Severe spontaneous hemoperitoneum in pregnancy may be linked to in vitro fertilization in patients with endometriosis: a systematic review

Obstetricians should be alert to severe spontaneous hemoperitoneum in pregnancy, which although very rare, is potentially fatal. In vitro fertilization in women with severe endometriosis may be a risk factor.

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Volume 106, Issue 3, Pages 692-703

Authors:

Ivo A. Brosens, M.D., Ph.D., Marit C. Lier, M.D., Velja Mijatovic, M.D., Ph.D., Marwan Habiba, Ph.D., Giuseppe Benagiano, M.D., Ph.D.

Abstract:

Objective

To evaluate existing evidence of a possible association in women with endometriosis between controlled ovarian hyperstimulation plus embryo transfer (COH-ET) and the occurrence of spontaneous hemoperitoneum in pregnancy (SHiP).

Design

Comprehensive review.

Setting

Not applicable.

Patient(s)

None.

Intervention(s)

An electronic literature search up to February 2016 was conducted using Scopus and PubMed.

Main Outcome Measure(s)

The role of COH-ET in SHiP.

Result(s)

Controlled ovarian hyperstimulation plus embryo transfer may increase the severity or incidence of the rare condition known as SHiP. An analysis of published cases shows that bleeding often occurs from multiple or diffuse sites, mainly situated in the posterior pelvic cavity, making it difficult to control without interfering with the pregnancy itself. Spontaneous hemoperitoneum in pregnancy is linked to adverse perinatal outcomes, including stillbirth, neonatal mortality, and very low or low birth weight. In 14 cases a biopsy of the bleeding site was obtained, and in all cases, even in the absence of visible endometriosis, decidualization was documented. At present, the relatively small number of cases published prevents firm conclusions, although they are highly suggestive of a link between COH-ET in women with endometriosis and the occurrence and seriousness of SHiP.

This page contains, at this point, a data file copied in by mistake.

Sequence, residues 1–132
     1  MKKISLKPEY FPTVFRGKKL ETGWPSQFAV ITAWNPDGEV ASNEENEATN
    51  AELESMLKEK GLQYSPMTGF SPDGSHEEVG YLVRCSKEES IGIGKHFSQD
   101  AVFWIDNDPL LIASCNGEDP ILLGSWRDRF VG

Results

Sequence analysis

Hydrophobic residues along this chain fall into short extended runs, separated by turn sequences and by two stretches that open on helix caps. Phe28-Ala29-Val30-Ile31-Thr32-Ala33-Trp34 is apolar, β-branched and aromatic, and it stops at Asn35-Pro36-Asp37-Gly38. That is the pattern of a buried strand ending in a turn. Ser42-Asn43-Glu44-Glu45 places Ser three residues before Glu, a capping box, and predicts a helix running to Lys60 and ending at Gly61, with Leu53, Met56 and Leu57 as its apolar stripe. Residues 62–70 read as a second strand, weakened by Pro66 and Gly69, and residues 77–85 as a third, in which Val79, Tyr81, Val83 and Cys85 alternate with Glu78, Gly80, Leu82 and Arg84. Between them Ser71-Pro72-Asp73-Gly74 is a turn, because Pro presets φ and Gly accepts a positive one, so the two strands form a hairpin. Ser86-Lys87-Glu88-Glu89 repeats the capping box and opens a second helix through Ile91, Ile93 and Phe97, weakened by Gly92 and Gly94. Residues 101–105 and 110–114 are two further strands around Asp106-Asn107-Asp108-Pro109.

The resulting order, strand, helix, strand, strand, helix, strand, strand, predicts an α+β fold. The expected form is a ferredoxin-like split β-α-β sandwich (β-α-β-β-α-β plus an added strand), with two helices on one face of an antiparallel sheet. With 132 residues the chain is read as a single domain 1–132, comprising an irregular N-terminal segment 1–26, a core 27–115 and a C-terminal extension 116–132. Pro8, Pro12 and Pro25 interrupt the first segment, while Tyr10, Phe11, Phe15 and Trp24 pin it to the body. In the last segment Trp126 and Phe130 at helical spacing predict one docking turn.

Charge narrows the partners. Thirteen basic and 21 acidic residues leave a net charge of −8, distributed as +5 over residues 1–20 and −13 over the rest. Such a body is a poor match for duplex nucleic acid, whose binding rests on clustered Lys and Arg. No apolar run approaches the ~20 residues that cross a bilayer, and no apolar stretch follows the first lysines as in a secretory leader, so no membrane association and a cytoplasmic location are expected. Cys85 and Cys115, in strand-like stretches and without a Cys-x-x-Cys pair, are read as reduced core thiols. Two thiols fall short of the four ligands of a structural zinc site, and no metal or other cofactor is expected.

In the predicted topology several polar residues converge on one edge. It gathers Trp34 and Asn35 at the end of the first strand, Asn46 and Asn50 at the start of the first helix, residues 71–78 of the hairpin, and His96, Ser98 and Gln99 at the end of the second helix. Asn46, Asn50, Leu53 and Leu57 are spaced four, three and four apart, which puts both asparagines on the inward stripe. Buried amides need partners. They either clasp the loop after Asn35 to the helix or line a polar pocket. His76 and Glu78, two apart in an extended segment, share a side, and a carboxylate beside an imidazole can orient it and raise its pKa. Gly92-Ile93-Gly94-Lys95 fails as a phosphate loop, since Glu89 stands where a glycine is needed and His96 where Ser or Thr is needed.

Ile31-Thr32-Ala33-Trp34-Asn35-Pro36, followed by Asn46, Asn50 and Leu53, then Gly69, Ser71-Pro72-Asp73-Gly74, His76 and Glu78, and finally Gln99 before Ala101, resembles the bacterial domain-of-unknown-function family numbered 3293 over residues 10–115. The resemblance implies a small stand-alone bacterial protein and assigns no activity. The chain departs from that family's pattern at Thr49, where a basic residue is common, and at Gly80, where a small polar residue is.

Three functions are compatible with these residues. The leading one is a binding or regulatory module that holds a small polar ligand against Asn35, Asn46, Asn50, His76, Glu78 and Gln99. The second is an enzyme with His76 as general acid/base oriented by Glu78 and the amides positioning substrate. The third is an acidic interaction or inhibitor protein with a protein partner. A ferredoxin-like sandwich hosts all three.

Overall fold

Conclusion(s)

Spontaneous hemoperitoneum in pregnancy is a rare but potentially fatal complication for the pregnant woman and her unborn child. In vitro fertilization in women with severe endometriosis may be a risk factor for SHiP.


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Fertility and Sterility

Editorial Office, American Society for Reproductive Medicine

Fertility and Sterility® is an international journal for obstetricians, gynecologists, reproductive endocrinologists, urologists, basic scientists and others who treat and investigate problems of infertility and human reproductive disorders. The journal publishes juried original scientific articles in clinical and laboratory research relevant to reproductive endocrinology, urology, andrology, physiology, immunology, genetics, contraception, and menopause. Fertility and Sterility® encourages and supports meaningful basic and clinical research, and facilitates and promotes excellence in professional education, in the field of reproductive medicine.

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